Planners unveil a greener and more pedestrian-friendly Wynwood
Designs would create more public spaces and enhance sidewalks
Wynwood’s future streetscape could look completely different, with a bicycle and wellness loop, pocket parks, lush landscaping, and more woonerfs, a Dutch-inspired shared street design aimed at slowing down traffic.
At a Wynwood Business Improvement District meeting this week, urban planners revealed their proposals for the streets of Miami’s most popular neighborhood, nearly a year after the Miami City Commission approved contracts to develop a streetscape and tree canopy master plan for Wynwood.
Arquitectonica GEO vice presidents Michelle Cintron and Ben Hutchens unveiled a preliminary version of the plan, and Local Office Landscape & Urban Design founding principals Jennifer Bolstad and Walter Meyer presented four versions of a woonerf being proposed for Northwest Third Avenue between 25th and 29th streets.
Both public works projects are set to dramatically alter the pedestrian and car experience in Wynwood amid the neighborhood’s construction boom that includes several large-scale commercial and residential developments, such as Wynwood Square, Wynwood 25 and Cube Wynwyd.
Arquitectonica GEO’s proposal calls for extending sidewalk curbs to narrow the gap at crosswalks, creating mid-block crosswalks and reducing the number of on-street parking spaces along some streets. Sidewalks would feature geometric patterns and be lined with an array of native trees and shrubs. A network of green bike lanes would connect at important intersections to create a 2.5-mile loop around Wynwood, and stretches of Northwest First Avenue and First Place would be converted into woonerfs.
Local Office’s woonerf concept for Northwest Third Avenue would create a single lane for cars, bicycles and pedestrians to pass through that would be closed to cars during major events. Two of the designs include environmentally conscious ideas that would blend elements of Miami-Dade’s Fairchild Tropical Gardens or the Everglades with Wynwood’s urban environment.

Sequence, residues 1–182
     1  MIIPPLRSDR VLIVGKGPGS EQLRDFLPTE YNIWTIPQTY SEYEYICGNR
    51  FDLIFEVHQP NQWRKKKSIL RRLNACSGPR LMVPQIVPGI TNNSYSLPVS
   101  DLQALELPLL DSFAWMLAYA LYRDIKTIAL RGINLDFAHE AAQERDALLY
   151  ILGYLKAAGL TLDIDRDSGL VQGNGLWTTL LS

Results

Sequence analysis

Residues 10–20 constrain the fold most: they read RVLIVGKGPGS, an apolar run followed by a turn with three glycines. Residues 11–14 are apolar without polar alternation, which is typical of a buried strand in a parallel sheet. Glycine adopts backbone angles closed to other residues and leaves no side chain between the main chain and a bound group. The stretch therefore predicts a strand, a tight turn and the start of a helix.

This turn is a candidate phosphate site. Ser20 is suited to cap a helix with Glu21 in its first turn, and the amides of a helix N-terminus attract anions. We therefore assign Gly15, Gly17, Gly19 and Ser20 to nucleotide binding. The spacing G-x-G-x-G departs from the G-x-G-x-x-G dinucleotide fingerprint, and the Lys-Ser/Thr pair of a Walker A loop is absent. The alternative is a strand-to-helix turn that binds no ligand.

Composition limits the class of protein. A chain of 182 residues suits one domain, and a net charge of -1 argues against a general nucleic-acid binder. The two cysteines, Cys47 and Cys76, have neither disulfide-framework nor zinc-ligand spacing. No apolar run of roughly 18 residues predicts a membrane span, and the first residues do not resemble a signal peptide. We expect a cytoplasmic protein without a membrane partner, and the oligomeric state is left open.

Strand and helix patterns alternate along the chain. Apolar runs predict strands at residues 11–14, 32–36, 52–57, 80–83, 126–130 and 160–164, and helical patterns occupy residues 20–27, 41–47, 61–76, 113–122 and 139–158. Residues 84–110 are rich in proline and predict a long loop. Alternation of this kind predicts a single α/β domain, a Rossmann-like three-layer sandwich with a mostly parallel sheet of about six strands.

Albert Garcia, vice-chairman of the Wynwood BID, said the woonerf could serve as a test run for future public spaces in the neighborhood. “We have a drought of public space,” Garcia said. “This woonerf, if properly executed, will be a draw into Wynwood.”
Some developers who attended the meeting, like Goldman Properties CEO Jessica Goldman Srebnick and One Real Estate Development president Marc Coleman, said the master plan needs tweaks.
Goldman liked the bike lanes, extending sidewalk curbs and the crosswalk designs, which she said reminded her of the Wynwood Building’s exterior paint scheme, a property her company owns. However, Goldman said the proposed master plan calls for too much greenery. “The landscape is too lush,” she said. “It felt for me that it needed a scaling back of the foliage.”
Coleman, whose company is building Wynwood Square, expressed concern that a dense landscape in Wynwood would diminish the neighborhood’s gritty character. “We are not Coral Gables and we are not Coconut Grove,” Coleman said.
Arquitectonica GEO and Local Office could present final versions of the master plan and the woonerf design this summer.